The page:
In a new report released today by the Australian Conservation Foundation, BirdLife Australia and Environmental Justice Australia, it is revealed that recovery plans designed to prevent Australia’s most endangered species from extinction are failing to protect habitat.
The report, ‘Recovery planning - Restoring life to our threatened species’, released in the lead up to the first national Threatened Species Summit next week, finds that of Australia’s 120 most endangered animals, only 10 per cent had plans that placed any clear limits on the future loss of habitat.
“Threatened Species Recovery Plans, developed under the EPBC Act, are the Federal Government’s key instrument for bringing threatened species back from the brink of extinction,” said James Trezise, a Policy Coordinator for the Australian Conservation Foundation.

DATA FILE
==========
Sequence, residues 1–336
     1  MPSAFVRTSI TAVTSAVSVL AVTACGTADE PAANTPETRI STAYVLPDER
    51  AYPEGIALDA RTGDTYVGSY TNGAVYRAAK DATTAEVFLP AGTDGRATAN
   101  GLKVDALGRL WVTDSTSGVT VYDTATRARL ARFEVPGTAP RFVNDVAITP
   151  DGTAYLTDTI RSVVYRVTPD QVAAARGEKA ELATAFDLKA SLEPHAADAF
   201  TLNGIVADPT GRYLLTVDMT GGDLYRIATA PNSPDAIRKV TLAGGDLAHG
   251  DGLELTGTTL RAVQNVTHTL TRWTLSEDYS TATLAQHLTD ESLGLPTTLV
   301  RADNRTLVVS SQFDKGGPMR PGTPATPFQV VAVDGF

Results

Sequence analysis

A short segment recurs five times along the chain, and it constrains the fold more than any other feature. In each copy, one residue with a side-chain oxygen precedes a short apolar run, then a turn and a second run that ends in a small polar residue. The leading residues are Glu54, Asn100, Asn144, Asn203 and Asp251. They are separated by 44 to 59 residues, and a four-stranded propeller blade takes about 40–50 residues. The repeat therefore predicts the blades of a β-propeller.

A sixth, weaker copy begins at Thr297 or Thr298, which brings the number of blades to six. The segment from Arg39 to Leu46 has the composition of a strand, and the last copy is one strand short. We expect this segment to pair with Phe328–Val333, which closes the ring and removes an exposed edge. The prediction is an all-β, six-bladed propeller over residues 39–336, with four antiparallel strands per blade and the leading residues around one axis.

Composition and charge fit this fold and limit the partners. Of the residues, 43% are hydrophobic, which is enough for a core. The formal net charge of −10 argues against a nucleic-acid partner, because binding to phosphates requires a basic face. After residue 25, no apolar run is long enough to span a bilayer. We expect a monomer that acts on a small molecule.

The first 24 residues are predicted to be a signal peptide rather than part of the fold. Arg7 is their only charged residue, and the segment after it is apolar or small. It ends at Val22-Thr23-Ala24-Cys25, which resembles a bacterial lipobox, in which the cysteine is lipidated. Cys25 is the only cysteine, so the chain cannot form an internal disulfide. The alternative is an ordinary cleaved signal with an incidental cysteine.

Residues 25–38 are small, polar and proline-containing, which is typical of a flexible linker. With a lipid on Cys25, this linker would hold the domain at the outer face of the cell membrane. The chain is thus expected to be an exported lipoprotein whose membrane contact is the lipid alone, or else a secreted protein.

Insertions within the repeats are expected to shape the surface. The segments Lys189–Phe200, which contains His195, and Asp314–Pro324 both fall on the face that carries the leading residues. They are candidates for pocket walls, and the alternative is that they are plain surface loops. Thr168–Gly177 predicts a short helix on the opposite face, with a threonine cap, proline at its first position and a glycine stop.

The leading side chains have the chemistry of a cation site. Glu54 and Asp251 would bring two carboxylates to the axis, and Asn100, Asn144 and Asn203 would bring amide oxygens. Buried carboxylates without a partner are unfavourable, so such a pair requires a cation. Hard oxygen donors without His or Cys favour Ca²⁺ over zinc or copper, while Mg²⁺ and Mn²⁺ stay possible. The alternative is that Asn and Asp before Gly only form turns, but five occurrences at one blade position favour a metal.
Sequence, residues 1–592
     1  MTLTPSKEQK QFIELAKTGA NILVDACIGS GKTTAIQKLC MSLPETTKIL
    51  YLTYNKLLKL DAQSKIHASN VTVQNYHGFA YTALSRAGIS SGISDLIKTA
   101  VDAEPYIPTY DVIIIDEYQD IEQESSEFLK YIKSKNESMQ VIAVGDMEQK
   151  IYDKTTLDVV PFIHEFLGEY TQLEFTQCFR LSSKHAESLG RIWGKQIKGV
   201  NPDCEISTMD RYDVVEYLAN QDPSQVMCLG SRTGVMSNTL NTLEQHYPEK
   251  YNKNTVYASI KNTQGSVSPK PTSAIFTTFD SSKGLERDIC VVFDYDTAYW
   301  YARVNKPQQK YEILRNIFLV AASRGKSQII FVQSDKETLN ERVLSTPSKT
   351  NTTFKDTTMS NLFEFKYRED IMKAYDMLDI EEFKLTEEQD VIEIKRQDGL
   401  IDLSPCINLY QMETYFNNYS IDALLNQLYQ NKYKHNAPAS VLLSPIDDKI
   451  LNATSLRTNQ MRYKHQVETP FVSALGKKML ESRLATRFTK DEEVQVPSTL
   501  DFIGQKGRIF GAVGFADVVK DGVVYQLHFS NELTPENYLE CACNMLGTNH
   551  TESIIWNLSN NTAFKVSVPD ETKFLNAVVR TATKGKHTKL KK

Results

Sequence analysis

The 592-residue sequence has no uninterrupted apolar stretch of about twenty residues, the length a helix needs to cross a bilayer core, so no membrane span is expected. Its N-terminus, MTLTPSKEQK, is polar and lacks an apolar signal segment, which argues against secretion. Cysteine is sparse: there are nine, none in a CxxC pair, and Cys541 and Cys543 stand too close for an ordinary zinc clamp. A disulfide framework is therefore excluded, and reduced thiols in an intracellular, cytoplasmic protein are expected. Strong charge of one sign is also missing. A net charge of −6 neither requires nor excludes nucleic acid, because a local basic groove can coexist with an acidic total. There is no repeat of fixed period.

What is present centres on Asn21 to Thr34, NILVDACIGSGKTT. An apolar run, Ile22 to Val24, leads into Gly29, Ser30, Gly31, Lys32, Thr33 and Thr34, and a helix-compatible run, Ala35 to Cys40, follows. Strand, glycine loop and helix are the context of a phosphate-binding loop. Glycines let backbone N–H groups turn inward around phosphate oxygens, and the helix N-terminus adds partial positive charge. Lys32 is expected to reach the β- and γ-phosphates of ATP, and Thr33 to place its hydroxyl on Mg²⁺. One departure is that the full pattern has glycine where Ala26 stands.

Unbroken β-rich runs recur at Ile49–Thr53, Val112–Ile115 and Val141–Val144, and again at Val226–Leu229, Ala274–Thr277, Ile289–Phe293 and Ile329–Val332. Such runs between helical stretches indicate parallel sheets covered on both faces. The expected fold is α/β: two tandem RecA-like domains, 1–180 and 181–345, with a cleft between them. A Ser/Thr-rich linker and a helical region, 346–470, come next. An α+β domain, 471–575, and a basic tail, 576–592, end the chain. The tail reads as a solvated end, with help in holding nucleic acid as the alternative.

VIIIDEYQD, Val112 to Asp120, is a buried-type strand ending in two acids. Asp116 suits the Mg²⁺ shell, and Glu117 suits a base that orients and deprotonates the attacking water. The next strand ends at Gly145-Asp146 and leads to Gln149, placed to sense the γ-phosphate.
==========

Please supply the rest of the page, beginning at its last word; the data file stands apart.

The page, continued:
While these Recovery Plans help bring together the data and science needed to recover threatened species - our analysis shows that they are currently failing in the vital task of protecting habitat.”
Habitat destruction is one of the major drivers for threatened species decline. The analysis in this report shows that current recovery plans consistently avoid prescriptive measures to protect threatened species habitat,” he said.
The report makes a series of recommendation including ways to improve recovery planning.
“Extinction is a choice. Where we have tried in the past, Australia has been remarkably successful at recovering threatened species. In many cases averting extinction has been straightforward and relatively inexpensive,” said Samantha Vine, Head of Conservation at BirdLife Australia.
“Securing and improving existing habitats for threatened species remains one of the most powerful and cost effective conservation tools at our disposal. It is essential that Australia make protecting endangered species habitat a key focus in combating the current extinction crisis,” said Samantha Vine, Head of Conservation at BirdLife Australia.
A downloadable copy of the report is available here